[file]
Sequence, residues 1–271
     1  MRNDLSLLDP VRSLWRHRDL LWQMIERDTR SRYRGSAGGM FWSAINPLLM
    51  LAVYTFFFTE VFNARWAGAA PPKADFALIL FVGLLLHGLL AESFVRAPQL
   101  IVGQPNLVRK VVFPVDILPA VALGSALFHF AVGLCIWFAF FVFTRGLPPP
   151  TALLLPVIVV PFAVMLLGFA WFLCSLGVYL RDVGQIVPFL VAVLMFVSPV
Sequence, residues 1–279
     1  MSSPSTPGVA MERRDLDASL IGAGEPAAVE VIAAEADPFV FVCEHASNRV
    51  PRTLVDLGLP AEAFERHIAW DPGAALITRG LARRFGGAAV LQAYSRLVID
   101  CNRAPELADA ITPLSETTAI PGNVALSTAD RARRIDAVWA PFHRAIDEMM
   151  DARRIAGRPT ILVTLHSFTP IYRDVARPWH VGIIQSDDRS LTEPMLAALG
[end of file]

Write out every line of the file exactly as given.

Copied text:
Sequence, residues 1–271
     1  MRNDLSLLDP VRSLWRHRDL LWQMIERDTR SRYRGSAGGM FWSAINPLLM
    51  LAVYTFFFTE VFNARWAGAA PPKADFALIL FVGLLLHGLL AESFVRAPQL
   101  IVGQPNLVRK VVFPVDILPA VALGSALFHF AVGLCIWFAF FVFTRGLPPP
   151  TALLLPVIVV PFAVMLLGFA WFLCSLGVYL RDVGQIVPFL VAVLMFVSPV
Sequence, residues 1–279
     1  MSSPSTPGVA MERRDLDASL IGAGEPAAVE VIAAEADPFV FVCEHASNRV
    51  PRTLVDLGLP AEAFERHIAW DPGAALITRG LARRFGGAAV LQAYSRLVID
   101  CNRAPELADA ITPLSETTAI PGNVALSTAD RARRIDAVWA PFHRAIDEMM
   151  DARRIAGRPT ILVTLHSFTP IYRDVARPWH VGIIQSDDRS LTEPMLAALG